October 3, 2012

News From ACFAS

ASC 2013 Poster Deadline October 15 – Submit Today
February might seem far from today, but ACFAS 2013 and the Poster Exhibit will be here sooner than you know it! If you haven’t yet done so, please submit your research poster for consideration to be presented at the Annual Scientific Conference, Monday, February 11 – Thursday, February 14, 2013 in Las Vegas. The final deadline for all posters is October 15, but act now so you’re not racing against time!

For information on how to submit your poster, visit and click on “2013 Poster Guidelines.” It is crucial that these guidelines are read to ensure you properly develop and submit your abstract. And remember, all posters must be submitted to ACFAS headquarters no later than October 15, 2012 to be eligible for review by the committee.
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View Archived ACFAS-Officite Webinars for Free
Didn’t catch the latest ACFAS-Officite webinar, "Social Media: Leveraging Against Facebook, YouTube, Twitter, Google Plus, etc."? ACFAS members can access previously presented practice management webinars, free of charge, via the ACFAS website All you need to do is enter your email address to view.

Mark your calendar for the next webinar, “Securing More Referrals and New Patients” on Thursday, November 1. Registration information will be available soon.

Stay up to date on upcoming webinars by reading This Week @ ACFAS and by checking the website at
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2013 Volunteer Leaders Sought
You can help shape the advancement of the profession, the future of the College and, ultimately, the care of patients by volunteering for 2013-14 ACFAS committees. For information on becoming a committee volunteer, please visit Current volunteers will receive a form from your staff liaison. The deadline for applications is October 31, 2012.
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Foot and Ankle Surgery

Expression of Leptin and its Long-Form Receptor in the Marginal Cutaneous Tissues of Diabetic Foot Ulcers
A study was conducted to explore the relationship between the expression of leptin and its long-form receptor, OB-RL, and injury healing in diabetic foot ulcers. Examination of biopsies from 10 patients with diabetic foot ulcers (DU group), 10 with non-diabetic foot ulcers (NDU group) and 10 with normal skin (normal control, NC group) was undertaken, and leptin and OB-RL mRNA and protein levels were respectively evaluated with RT-PCR and immunohistochemistry analyses. The DU and NDU groups were found to have significantly greater cuticle thickness and a significantly lesser epidermal layer. The DU and NDU groups also had substantially higher leptin protein expression than the NC group. OB-RL mRNA and protein expressions were significantly reduced in the DU group and significantly elevated in the NDU group. A negative correlation between diabetic foot ulcer duration and OB-RL protein expression was observed, and lower OB-RL may lead to reduced leptin signaling in diabetic foot ulcers.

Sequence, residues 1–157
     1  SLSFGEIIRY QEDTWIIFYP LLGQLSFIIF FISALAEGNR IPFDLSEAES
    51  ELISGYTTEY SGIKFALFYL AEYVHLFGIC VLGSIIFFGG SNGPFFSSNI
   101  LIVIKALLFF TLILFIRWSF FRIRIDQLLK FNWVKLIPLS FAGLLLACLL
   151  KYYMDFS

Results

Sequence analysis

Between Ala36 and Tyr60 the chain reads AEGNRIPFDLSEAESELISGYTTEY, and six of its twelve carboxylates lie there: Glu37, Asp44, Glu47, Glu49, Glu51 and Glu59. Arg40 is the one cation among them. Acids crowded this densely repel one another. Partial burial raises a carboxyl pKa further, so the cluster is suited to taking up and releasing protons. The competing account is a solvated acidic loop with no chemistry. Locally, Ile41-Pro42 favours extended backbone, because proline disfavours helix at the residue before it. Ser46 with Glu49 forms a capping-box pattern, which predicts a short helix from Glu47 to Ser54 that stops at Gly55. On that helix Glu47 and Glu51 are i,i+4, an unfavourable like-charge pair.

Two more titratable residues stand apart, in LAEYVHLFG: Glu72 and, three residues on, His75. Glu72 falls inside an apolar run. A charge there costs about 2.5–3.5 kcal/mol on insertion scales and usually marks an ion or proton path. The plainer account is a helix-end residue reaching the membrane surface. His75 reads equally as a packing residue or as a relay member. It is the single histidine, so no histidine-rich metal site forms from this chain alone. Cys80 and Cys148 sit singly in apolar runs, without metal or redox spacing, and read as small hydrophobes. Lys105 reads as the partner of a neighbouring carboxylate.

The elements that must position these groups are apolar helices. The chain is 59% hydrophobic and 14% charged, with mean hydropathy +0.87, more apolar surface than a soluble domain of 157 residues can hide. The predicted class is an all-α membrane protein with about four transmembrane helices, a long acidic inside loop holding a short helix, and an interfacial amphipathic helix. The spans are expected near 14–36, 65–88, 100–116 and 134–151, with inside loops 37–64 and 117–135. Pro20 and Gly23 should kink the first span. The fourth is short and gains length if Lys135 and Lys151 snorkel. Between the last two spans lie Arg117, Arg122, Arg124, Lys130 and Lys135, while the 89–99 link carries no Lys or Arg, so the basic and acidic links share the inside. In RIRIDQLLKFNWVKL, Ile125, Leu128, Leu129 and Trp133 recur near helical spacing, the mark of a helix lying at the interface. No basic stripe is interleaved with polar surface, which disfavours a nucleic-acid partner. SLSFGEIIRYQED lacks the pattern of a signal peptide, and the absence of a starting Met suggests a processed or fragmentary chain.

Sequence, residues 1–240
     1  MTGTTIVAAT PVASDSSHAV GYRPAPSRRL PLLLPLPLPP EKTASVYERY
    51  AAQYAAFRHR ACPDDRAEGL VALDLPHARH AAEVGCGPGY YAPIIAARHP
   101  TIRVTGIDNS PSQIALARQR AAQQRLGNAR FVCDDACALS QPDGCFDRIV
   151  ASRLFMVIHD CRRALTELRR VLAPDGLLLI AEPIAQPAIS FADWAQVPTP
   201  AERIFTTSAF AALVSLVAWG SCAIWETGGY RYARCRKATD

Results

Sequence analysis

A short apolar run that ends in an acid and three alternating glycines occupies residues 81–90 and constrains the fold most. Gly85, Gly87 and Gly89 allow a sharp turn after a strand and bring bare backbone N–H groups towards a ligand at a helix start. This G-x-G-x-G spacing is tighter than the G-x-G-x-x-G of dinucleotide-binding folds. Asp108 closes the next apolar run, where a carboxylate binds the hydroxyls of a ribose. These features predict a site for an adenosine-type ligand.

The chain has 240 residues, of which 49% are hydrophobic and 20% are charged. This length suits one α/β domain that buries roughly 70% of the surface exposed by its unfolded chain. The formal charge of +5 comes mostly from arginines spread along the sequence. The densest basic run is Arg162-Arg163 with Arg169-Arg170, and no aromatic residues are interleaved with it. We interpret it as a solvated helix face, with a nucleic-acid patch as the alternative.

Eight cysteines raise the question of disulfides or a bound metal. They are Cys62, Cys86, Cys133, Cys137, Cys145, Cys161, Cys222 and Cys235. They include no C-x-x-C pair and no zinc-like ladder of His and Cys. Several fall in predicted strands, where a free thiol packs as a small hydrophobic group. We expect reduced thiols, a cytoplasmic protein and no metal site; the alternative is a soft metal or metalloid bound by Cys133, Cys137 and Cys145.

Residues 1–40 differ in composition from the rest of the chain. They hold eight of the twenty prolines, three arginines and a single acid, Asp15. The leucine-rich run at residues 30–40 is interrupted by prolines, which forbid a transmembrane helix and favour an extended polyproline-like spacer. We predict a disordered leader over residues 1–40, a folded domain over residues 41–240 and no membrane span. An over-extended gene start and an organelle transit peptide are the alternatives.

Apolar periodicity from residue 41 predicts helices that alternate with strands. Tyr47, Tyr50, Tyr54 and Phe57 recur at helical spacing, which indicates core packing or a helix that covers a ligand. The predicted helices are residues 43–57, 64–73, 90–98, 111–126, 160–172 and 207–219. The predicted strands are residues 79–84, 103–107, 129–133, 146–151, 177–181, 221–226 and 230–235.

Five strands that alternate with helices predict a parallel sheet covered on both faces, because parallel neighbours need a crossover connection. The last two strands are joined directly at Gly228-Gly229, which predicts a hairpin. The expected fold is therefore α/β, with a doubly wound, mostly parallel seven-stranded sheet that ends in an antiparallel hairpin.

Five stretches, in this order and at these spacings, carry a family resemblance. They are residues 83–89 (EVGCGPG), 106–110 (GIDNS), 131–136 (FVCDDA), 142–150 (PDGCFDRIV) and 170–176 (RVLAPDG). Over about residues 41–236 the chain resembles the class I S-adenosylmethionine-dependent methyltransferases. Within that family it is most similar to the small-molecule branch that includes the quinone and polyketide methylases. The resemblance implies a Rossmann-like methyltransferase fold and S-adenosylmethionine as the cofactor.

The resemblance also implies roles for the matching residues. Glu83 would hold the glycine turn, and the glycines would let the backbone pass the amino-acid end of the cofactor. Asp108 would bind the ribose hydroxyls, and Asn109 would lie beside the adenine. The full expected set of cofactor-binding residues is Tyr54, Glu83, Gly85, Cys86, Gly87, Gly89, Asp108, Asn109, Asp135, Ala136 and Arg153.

From the article of the same title
Acta Diabetologica (09/18/12) Cao, Ying; Gao, Fang; Li, Chen-Zhong; et al.
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High-Volume Injection in the Management of Recalcitrant Mid-Body Achilles Tendinopathy
A study was held to assess the effectiveness of ultrasound-guided high-volume injection and relevance of neovascularity on outcome in Achilles tendinopathy, focusing on 32 patients with recalcitrant unilateral mid-substance Achilles tendinopathy. Outcome measures used were Victorian Institute of Sport Assessment-Achilles tendon (VISA-A), Visual Analogue Score (VAS), modified Ohberg score and average maximum tendon thickness. Substantial improvements in both VAS and VISA-A scores at one month were observed and maintained at three months. Symptomatic tendons were considerably thicker at baseline than the asymptomatic side. Also observed was a significant decrease in maximum tendon thickness in the symptomatic tendons at baseline and at three months. Average Ohberg neovascularity scores showed a significant decrease between baseline and three-month review, and there was a significant difference in neovascularity at baseline for the symptomatic and asymptomatic sides. Baseline neovascularity was positively correlated with the difference in VAS scores at baseline and three months. Patients with higher baseline Ohberg scores had a more positive outcome.

From the article of the same title
International Musculoskeletal Medicine (Summer 2012) Vol. 34, No. 3, P. 92 Restenghini, Peter; Yeoh, Justin
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Treatment of Idiopathic Clubfoot: Experience with the Mitchell-Ponseti Brace
A study was held to evaluate the effectiveness of the Mitchell-Ponseti (MP) foot abduction orthosis in maintaining correction of 84 idiopathic clubfeet in 57 infants treated using the Ponseti method and followed for a minimum of two years. Heel-cord tenotomy or lengthening was performed on 79 feet, and the families of 37 patients were adherent with the postcorrective brace protocol. Eight patients exhibited skin problems, with six suffering superficial dorsal skin abrasion. None of the sandals needed customization by an orthotist. Forty feet had recurrence, and in all instances correction was regained with manipulation and cast application. Nineteen feet in 14 patients underwent, or are scheduled for, an anterior tibial tendon transfer. At latest follow-up, all feet were plantigrade and had a minimum of 10 degrees of dorsiflexion. None of the patients required surgical releases. Twenty-six of 31 patients followed for at least three years used the MP brace for a minimum of three years.